If many people, maybe 50 percent of the population, isn't really aware of how the game is constructed and who really rules the economy and who really structures the economy, what is the role of leaders, of media or public discourse? Are there many media outlets in the U.S. that talk about the issues that Dissent magazine writes about or social democratic ideas?

Not many. The Occupy Wall Street movement of about a year, year and a half ago raised these issues and got, according to public opinion polls, a surprisingly strong sympathetic response in the United States, but it didn't build a social movement. And what we need in the United States now is an old-fashioned social movement; An effort to organize, to mobilize, the people who are currently disenfranchised, not legally disenfranchised but effectively disenfranchised by the education they get, by the media to which they are exposed and the sense of vulnerability in their own lives.

Can we really organize and mobilize those people when on the other side they are very organized, very focused small special interest groups?

Well, we have done it in the past. The anomaly of American life today is that we have had very, very strong transformations brought about by social movements in the areas of racial equality, gender equality and sexual equality. These were very successful social movements: the civil rights movement, the feminist movement, the gay rights movement and these movements have succeeded at the same time as inequality grows and grows.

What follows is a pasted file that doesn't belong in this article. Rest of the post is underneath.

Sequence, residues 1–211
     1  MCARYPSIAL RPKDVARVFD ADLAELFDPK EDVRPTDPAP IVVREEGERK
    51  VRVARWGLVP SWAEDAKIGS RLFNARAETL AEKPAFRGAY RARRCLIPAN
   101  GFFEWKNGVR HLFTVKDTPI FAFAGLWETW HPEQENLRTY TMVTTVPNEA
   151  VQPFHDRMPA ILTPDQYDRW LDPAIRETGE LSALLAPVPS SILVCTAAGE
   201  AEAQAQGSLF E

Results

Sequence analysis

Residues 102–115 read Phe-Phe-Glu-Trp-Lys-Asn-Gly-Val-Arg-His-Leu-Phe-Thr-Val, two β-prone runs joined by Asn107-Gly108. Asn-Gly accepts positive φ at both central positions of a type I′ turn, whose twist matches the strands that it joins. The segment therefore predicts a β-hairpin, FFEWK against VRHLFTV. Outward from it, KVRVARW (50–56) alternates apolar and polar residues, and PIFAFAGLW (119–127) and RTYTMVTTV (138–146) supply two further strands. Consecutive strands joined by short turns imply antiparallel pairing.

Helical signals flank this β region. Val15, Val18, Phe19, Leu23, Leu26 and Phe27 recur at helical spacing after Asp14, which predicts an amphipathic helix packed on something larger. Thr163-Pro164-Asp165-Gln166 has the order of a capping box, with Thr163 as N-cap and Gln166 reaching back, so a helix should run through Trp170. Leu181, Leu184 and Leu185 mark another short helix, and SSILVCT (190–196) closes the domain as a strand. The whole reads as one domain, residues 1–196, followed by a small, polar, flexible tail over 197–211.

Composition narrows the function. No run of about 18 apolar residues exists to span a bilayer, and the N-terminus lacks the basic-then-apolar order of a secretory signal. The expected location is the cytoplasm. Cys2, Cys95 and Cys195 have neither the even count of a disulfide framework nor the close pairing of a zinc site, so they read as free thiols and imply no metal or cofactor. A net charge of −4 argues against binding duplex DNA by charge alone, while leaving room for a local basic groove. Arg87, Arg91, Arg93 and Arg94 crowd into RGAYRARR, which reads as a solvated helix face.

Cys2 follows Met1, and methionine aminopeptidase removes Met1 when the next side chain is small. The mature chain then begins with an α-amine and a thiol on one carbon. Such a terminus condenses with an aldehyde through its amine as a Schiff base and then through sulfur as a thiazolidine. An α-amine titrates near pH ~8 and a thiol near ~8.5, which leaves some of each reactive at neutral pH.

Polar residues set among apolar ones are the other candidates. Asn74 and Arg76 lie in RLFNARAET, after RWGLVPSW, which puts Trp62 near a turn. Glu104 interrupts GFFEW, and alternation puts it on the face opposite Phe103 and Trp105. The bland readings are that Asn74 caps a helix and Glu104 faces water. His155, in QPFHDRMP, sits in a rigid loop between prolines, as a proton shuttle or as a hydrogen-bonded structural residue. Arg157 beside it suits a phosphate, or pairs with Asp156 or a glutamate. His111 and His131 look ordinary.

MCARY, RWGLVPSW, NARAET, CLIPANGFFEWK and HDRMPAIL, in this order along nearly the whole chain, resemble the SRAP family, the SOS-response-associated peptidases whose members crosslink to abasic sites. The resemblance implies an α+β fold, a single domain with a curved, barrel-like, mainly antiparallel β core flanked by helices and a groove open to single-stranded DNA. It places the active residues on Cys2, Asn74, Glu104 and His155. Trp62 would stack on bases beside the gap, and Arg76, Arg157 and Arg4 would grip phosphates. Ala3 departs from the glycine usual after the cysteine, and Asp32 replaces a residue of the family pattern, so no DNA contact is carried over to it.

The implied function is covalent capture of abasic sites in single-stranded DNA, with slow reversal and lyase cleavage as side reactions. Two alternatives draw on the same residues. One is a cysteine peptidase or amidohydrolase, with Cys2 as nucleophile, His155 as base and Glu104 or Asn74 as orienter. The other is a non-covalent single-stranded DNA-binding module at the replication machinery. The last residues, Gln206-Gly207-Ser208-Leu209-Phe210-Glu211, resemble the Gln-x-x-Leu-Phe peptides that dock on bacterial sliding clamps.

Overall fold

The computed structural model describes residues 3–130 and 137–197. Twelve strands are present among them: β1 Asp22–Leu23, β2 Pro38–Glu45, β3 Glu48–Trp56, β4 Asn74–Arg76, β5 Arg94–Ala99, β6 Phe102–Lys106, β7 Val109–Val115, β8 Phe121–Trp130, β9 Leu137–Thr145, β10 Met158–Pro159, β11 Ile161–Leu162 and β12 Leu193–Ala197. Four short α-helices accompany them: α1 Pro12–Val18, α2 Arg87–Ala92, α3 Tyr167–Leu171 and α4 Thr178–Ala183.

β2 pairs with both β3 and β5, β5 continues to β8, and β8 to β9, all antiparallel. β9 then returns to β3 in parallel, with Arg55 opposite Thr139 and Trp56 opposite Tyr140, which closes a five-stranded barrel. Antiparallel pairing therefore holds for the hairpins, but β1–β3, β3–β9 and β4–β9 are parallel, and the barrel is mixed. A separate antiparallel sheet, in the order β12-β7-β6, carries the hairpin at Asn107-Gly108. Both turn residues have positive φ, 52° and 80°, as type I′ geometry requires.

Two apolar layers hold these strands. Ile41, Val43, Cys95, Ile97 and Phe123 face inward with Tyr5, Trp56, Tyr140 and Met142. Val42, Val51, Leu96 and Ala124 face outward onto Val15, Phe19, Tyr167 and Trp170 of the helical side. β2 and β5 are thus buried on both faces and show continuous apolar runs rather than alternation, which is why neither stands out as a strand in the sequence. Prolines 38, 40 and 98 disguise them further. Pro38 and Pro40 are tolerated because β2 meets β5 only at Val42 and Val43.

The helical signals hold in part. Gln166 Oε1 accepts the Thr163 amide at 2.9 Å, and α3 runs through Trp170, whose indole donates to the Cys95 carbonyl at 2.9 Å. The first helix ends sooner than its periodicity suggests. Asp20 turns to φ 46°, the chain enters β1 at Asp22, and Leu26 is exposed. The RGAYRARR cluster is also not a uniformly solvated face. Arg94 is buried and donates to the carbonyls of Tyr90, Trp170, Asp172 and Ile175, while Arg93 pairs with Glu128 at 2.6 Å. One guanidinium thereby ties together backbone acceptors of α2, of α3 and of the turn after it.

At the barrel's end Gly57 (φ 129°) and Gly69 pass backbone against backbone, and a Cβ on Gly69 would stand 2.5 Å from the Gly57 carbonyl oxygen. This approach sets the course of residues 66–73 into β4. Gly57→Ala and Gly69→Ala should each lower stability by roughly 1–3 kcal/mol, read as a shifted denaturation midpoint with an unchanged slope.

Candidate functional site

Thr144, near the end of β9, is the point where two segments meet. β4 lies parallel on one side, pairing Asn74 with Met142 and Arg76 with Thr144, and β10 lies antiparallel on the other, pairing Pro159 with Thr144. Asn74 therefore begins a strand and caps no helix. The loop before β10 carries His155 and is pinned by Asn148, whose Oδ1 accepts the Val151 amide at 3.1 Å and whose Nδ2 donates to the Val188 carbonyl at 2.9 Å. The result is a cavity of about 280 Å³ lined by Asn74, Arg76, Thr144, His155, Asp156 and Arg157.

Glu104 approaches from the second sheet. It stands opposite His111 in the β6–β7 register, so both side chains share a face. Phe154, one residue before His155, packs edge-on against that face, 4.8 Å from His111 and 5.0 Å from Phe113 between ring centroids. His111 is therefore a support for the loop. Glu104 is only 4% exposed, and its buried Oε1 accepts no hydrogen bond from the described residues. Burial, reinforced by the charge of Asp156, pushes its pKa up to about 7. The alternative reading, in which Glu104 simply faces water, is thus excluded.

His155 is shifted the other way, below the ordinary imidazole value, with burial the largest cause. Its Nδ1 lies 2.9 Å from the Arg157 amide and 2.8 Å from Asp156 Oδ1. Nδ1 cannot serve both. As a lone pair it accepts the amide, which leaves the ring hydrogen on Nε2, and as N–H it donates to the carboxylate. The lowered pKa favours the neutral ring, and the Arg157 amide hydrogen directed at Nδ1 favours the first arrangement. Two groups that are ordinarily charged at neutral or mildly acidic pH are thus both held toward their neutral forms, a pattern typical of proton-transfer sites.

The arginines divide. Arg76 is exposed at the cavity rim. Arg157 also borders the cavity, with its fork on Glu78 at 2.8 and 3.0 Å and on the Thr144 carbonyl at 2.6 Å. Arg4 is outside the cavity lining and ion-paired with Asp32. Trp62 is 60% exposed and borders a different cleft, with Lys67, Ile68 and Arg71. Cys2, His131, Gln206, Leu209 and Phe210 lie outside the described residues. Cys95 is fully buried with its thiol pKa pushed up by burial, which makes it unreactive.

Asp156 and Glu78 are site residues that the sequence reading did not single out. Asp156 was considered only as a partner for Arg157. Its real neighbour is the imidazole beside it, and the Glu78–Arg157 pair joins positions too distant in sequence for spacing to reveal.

So maybe it is easier to tackle racial issues, instead of tackling issues related to Big Money and financial interests?

I think that's true. Capitalism, obviously, can more easily adjusted to accommodate blacks, women and gays and lesbians than it can accommodate really strong labor leaders.

So maybe it's our fault, the liberals, that we have been focused for so many years on those issues and that we have not been looking at the way the economy is constructed. Maybe being liberal became just your opinions on what you think about racial issues and gender issues, and we forgot about that maybe being a liberal is also about what kind of inequality we have and the politics that we have and how money and politics are mixed?